LEMASTERS: Martinsville Turns Chase Race Into Three-Team Fight

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Denny Hamlin (11) and Jimmie Johnson. (HHP/Harold Hinson Photo)

MARTINSVILLE, Va. — This Denny Hamlin cat is starting to make the 2010 Chase for the NASCAR Sprint Cup more like 2004 and less like 2006, 2007, 2008 and 2009.

In other words, he’s being patient, he’s being smart and he’s being a pain in Jimmie Johnson’s royal behind.

Most of the time, Johnson’s competitors have the good manners to make it look good until Martinsville, then fade away into the noise and leave the stage to Sir James the Fourth.

And there’s the added impact of Kevin Harvick, who refuses to let Hamlin have all the fun and is hanging around just in case one of the other two falters any little bit.

By winning at Martinsville on Sunday, Hamlin erased most of the 41 points that Johnson had on him after five races. He sits six back, with Harvick another 56 behind him in third.

Everybody, including Hamlin and crew chief Mike Ford, knows that Johnson’s the leader. They also know there’s not a lot of quit in the No. 29 Shell Pennzoil Chevrolet team either.

“They don’t give up,” Hamlin said of Harvick’s team. “He had probably one of the best cars, except for maybe the 31 [Jeff Burton]. They kept flip-flopping back and forth all day with who had the best car between those two.”

Hamlin, meanwhile, started from the pole and went exactly nowhere the first 10 laps or so. In fact, he went backward at an alarming rate.

That worried him, and Ford, because the game plan was to finish as far in front of the 48 [Johnson] as possible. Harvick was 36th at the start, so he knew that it would be a while before he saw him.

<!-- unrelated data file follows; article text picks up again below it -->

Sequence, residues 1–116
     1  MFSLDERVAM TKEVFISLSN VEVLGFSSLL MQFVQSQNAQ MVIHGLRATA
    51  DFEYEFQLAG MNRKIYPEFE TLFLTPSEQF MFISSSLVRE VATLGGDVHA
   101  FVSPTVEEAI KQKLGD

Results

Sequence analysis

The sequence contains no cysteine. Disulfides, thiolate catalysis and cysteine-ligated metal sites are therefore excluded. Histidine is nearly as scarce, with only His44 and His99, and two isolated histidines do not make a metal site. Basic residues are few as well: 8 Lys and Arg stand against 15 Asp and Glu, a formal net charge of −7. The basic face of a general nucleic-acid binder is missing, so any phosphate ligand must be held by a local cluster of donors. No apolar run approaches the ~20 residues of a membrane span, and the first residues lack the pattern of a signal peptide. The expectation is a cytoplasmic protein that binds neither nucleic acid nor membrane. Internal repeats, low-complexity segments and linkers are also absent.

“I knew yesterday after final practice the 29 [Harvick] had the best car on average, I believe,” Hamlin said. “So, you know, this is one of the race tracks that, yeah, qualifying is very important if you can get the number one pit stall, but you can come from the back to the front at this race track. He [Johnson, who started 19th] passed me 20 laps into the race. I just chased those guys all day long until the end when we just got those adjustments just a little bit better than what those guys did.”

As the race wore on, Hamlin got back toward the front…right with the 29 and the 48.

“They were right in front of me pretty much all day long,” Hamlin said. “I knew exactly where they were. I just knew we had the potential to make our car much better than what it was when we were racing around those guys. I was pretty confident all day no matter what happens with those guys, if we did the right things during the course of the day, we would have a chance to win. And we did.

“The thing is, everyone stepped up big with 100 to go. Everyone executed perfectly that last 100 laps.”

That’s going to be the key over the next month: execution. Whichever one of the three drivers and teams in this title hunt executes the best over the final four races, whichever one does what it has to do, will wind up hoisting the Sprint Cup trophy in Homestead, Fla., on Nov. 21.

Whether that’s the battle-tested 48 team, the pre-season favorite No. 11 team or the regular-season champion 29 team, well, that remains to be seen. We’ll know in about four weeks.

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